China’s exports took a surprising tumble in June, putting pressure on the growth of the world’s second-largest economy.
Exports dropped 3.1% in June from a year earlier, while imports went down 0.7%, the General Administration of Customs (GAC) said on Wednesday.
Exports stood at 174.32 billion US dollars and imports totalled 147.19 billion US dollars, with a trade surplus of 27.13 billion US dollars for the month, according to (Xinhua) news agency.
Total foreign trade shrank 2% year on year to 321.51 billion US dollars in June.
Foreign trade neared 2 trillion US dollars in the first half of the year, up 8.6% year on year, with exports at 1.05 trillion US dollars, up 10.4%, and imports at 944.87 billion US dollars, up 6.7%.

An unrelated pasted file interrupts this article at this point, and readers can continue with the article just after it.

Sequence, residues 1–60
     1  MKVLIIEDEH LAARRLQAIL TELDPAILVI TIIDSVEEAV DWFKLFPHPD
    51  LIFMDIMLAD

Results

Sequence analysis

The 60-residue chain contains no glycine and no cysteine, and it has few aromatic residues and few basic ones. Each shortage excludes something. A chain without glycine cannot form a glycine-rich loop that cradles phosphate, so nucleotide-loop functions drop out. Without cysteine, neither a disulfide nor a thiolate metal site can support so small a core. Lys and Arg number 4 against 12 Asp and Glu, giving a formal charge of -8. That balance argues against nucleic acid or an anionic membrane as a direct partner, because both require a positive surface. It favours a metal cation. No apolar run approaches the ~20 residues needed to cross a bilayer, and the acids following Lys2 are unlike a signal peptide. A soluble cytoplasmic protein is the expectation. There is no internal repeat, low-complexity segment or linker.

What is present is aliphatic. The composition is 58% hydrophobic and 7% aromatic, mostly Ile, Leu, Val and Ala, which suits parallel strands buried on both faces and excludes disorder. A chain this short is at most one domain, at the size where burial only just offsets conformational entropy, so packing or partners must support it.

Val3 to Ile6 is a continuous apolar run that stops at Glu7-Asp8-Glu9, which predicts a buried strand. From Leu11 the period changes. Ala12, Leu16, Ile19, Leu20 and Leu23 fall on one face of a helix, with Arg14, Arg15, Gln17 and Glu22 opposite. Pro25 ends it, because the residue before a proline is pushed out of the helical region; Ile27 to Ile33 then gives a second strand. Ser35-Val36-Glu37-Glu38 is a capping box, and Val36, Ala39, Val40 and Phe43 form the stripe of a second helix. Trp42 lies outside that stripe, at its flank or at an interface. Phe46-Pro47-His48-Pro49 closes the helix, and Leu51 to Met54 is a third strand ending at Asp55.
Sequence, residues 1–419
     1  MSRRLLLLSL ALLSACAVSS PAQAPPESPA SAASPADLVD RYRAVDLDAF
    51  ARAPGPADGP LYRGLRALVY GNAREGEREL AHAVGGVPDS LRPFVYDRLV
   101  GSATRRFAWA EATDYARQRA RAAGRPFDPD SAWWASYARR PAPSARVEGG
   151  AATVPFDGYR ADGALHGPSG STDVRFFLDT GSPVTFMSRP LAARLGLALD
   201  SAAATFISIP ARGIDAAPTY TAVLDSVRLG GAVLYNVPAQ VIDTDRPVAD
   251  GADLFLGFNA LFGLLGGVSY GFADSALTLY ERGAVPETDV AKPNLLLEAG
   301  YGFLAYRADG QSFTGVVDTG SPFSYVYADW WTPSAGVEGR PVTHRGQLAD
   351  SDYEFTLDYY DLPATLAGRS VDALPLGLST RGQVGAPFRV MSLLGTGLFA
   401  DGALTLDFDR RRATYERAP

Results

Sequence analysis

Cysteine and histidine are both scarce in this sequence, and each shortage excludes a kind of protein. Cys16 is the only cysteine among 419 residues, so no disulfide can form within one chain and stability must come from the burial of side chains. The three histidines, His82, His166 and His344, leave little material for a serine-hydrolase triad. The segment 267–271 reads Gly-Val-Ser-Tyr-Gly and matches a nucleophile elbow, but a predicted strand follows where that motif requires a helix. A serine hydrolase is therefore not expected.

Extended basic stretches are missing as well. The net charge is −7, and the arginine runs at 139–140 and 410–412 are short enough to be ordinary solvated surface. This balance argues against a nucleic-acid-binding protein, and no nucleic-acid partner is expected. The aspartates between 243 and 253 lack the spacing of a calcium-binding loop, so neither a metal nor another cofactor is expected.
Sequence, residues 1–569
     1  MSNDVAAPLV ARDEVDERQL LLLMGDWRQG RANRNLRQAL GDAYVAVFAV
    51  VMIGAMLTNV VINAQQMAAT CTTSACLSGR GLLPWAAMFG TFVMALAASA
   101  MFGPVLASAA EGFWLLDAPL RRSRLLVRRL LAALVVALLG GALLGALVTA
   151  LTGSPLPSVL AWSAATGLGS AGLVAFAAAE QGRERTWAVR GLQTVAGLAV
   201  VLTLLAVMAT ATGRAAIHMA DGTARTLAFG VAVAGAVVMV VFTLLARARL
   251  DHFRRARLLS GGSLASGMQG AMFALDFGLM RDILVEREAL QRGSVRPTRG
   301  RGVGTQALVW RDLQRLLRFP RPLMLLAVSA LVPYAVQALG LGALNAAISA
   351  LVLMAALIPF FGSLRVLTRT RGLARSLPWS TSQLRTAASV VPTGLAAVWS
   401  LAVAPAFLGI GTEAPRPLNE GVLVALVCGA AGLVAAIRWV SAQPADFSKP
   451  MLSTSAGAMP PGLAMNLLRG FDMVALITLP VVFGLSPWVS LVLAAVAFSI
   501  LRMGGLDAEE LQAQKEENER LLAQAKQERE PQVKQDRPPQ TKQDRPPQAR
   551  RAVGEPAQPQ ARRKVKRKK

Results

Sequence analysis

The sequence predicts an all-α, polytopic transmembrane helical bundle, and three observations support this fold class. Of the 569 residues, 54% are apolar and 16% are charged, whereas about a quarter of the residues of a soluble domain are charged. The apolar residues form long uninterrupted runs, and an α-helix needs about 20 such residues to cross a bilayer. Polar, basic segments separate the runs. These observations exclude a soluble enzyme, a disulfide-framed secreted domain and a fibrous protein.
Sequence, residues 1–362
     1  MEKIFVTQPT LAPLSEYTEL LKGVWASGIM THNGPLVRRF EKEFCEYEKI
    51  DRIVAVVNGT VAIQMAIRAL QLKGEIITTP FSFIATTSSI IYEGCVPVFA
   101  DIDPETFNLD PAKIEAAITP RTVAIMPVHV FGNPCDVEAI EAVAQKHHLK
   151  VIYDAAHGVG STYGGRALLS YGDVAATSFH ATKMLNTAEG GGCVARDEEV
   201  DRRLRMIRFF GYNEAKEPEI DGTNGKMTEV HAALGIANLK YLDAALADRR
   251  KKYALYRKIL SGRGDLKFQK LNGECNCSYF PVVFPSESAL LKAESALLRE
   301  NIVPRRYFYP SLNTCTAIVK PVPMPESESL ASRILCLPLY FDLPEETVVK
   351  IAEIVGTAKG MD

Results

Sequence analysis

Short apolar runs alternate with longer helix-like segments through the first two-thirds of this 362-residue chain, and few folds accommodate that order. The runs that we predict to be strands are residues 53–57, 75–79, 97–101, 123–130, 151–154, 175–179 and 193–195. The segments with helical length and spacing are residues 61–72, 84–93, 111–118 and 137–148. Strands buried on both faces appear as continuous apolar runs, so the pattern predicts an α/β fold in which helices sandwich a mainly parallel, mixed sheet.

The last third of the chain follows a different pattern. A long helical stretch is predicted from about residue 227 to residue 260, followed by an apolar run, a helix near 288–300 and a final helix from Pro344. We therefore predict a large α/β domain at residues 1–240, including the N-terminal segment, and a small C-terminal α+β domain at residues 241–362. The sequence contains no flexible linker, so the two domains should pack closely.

China’s foreign trade growth rate has been slowing down in the first half of the year, as it grew 13.5% in the first quarter year on year and 4.3% in the second quarter, but just 0.3% in May and 2% in June, said GAC spokesman Zheng Yuesheng.
Zheng attributed the slump in the second quarter mainly to weak global demand, rising foreign exchange and labor costs, and various trade frictions.
China’s foreign trade will face more challenges and difficulties in the second half of the year, and the ultimate solution would be to transform growth patterns and restructure commodities, Zheng said.